Since its invention, the microscope has been optimized for interpretation by a human observer. With the recent development of deep learning algorithms for automated image analysis, there is now a clear need to re-design the microscope’s hardware for specific interpretation tasks. To increase the speed and accuracy of automated image classification, this work presents a method to co-optimize how a sample is illuminated in a microscope, along with a pipeline to automatically classify the resulting image, using a deep neural network. By adding a “physical layer” to a deep classification network, we are able to jointly optimize for specific illumination patterns that highlight the most important sample features for the particular learning task at hand, which may not be obvious under standard illumination. We demonstrate how our learned sensing approach for illumination design can automatically identify malaria-infected cells with up to 5-10% greater accuracy than standard and alternative microscope lighting designs. We show that this joint hardware-software design procedure generalizes to offer accurate diagnoses for two different blood smear types, and experimentally show how our new procedure can translate across different experimental setups while maintaining high accuracy. Click here to visit the project page!

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Deep Prior Diffraction Tomography

Mar 30, 2020. | By: Kevin C.Zhou and Roarke Horstmeyer

We present a tomographic imaging technique, termed Deep Prior Diffraction Tomography (DP-DT), to reconstruct the 3D refractive index (RI) of thick biological samples at high resolution from a sequence of low-resolution images collected under angularly varying illumination. DP-DT processes the multi-angle data using a phase retrieval algorithm that is extended by a deep image prior (DIP), which reparameterizes the 3D sample reconstruction with an untrained, deep generative 3D convolutional neural network (CNN). We show that DP-DT effectively addresses the missing cone problem, which otherwise degrades the resolution and quality of standard 3D reconstruction algorithms. As DP-DT does not require pre-captured data or pre-training, it is not biased towards any particular dataset. Hence, it is a general technique that can be applied to a wide variety of 3D samples, including scenarios in which large datasets for supervised training would be infeasible or expensive. We applied DP-DT to obtain 3D RI maps of bead phantoms and complex biological specimens, both in simulation and experiment, and show that DP-DT produces higher-quality results than standard regularization techniques. We further demonstrate the generality of DP-DT, using two different scattering models, the first Born and multi-slice models. Our results point to the potential benefits of DP-DT for other 3D imaging modalities, including X-ray computed tomography, magnetic resonance imaging, and electron microscopy.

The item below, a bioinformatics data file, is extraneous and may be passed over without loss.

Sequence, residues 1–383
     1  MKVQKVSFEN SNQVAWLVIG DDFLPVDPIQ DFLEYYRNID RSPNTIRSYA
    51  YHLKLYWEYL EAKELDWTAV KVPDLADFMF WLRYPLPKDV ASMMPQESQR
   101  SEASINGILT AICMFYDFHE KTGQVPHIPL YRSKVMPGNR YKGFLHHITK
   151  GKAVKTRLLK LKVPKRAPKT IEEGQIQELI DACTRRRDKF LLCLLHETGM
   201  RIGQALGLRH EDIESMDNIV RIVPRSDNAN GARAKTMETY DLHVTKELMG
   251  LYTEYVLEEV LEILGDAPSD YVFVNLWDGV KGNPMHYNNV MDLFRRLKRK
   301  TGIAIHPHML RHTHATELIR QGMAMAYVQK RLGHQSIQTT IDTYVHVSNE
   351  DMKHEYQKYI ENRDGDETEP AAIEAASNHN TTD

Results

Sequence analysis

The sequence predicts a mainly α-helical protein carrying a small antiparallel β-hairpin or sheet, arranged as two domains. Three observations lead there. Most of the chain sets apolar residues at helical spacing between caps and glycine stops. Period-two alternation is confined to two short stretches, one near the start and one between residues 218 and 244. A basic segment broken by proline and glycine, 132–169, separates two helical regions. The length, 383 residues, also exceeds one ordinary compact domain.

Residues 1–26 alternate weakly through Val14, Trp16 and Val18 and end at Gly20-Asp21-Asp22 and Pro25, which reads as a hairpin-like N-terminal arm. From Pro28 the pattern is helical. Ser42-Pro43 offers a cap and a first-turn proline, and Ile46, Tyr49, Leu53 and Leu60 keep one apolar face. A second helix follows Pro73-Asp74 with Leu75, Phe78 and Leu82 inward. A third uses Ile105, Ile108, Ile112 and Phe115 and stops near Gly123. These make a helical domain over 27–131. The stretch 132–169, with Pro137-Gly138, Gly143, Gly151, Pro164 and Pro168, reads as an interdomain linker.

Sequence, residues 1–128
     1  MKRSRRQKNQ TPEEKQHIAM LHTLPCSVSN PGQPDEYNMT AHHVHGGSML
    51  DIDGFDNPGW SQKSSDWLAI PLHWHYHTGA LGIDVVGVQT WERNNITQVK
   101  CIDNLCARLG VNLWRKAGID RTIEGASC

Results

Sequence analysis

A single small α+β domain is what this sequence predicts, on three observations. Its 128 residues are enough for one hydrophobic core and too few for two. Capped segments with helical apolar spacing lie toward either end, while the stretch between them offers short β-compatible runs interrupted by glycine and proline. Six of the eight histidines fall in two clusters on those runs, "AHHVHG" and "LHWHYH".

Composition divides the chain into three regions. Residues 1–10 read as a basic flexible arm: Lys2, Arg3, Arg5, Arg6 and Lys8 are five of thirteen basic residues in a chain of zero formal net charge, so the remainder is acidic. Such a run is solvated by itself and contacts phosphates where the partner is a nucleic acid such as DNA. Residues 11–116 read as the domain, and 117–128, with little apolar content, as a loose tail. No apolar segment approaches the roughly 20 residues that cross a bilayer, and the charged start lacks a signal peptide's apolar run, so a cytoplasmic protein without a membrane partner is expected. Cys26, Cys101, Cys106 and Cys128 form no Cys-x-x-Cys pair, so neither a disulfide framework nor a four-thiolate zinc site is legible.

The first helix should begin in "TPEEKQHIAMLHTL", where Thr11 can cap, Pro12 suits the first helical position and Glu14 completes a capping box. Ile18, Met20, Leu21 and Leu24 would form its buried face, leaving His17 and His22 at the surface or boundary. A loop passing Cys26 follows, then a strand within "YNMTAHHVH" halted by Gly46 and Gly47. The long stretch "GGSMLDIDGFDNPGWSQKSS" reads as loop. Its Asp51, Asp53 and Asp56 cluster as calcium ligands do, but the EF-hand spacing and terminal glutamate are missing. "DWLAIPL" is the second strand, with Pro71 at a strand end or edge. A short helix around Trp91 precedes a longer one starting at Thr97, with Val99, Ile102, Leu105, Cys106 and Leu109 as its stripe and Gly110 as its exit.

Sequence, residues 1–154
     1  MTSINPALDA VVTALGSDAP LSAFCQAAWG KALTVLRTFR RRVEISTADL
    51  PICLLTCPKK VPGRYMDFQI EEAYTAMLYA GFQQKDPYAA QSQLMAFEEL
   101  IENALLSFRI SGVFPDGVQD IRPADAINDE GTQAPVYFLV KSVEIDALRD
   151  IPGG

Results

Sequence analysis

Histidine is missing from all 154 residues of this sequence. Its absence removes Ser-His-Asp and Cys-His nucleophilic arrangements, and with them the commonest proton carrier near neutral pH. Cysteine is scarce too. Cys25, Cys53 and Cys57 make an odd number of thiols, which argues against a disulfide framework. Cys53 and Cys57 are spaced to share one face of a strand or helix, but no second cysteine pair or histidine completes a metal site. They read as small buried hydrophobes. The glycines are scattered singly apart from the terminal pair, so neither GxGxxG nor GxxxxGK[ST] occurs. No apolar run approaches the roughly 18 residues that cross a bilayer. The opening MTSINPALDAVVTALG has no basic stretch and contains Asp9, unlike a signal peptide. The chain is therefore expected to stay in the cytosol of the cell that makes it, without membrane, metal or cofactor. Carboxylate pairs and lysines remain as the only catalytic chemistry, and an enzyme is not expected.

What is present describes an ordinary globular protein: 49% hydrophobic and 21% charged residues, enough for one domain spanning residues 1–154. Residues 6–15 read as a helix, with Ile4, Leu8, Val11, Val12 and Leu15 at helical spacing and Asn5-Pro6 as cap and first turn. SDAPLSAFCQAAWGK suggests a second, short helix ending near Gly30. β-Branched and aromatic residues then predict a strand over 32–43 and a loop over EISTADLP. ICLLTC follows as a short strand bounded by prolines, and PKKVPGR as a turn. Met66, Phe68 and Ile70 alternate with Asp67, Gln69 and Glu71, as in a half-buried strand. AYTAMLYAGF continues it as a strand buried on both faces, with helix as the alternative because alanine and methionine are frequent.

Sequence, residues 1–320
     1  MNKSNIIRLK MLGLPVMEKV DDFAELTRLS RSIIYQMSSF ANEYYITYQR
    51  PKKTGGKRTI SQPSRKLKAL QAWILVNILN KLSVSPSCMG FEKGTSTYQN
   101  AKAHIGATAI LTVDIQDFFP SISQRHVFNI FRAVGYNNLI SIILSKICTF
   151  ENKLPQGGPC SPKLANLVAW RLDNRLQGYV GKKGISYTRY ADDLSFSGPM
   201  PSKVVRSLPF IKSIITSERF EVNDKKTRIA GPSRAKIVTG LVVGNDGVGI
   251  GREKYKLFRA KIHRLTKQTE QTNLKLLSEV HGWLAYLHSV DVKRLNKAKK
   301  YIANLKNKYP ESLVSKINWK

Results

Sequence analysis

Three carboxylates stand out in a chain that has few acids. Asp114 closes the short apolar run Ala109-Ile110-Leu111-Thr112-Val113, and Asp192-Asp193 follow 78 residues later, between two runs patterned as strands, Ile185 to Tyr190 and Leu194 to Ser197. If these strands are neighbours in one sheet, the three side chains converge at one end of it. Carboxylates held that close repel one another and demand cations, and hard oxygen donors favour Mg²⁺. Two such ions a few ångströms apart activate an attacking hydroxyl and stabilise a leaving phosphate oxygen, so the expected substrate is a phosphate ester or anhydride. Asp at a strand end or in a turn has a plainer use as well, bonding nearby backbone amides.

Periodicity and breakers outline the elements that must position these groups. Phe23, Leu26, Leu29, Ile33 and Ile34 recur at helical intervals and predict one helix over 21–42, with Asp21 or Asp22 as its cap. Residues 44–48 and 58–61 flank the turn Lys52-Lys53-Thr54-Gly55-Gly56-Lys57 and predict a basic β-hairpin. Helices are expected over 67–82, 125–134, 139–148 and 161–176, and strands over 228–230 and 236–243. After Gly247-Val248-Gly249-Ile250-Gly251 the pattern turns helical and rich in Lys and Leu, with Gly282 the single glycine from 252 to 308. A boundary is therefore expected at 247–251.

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This page is an educational and research resource of the Computational Optics Lab at Duke University, with the goal of providing an open platform to share research at the intersection of deep learning and imaging system design.

Lab Address

Computational Optics Lab
Duke University
Fitzpatrick Center (CIEMAS) 2569
Durham, NC 27708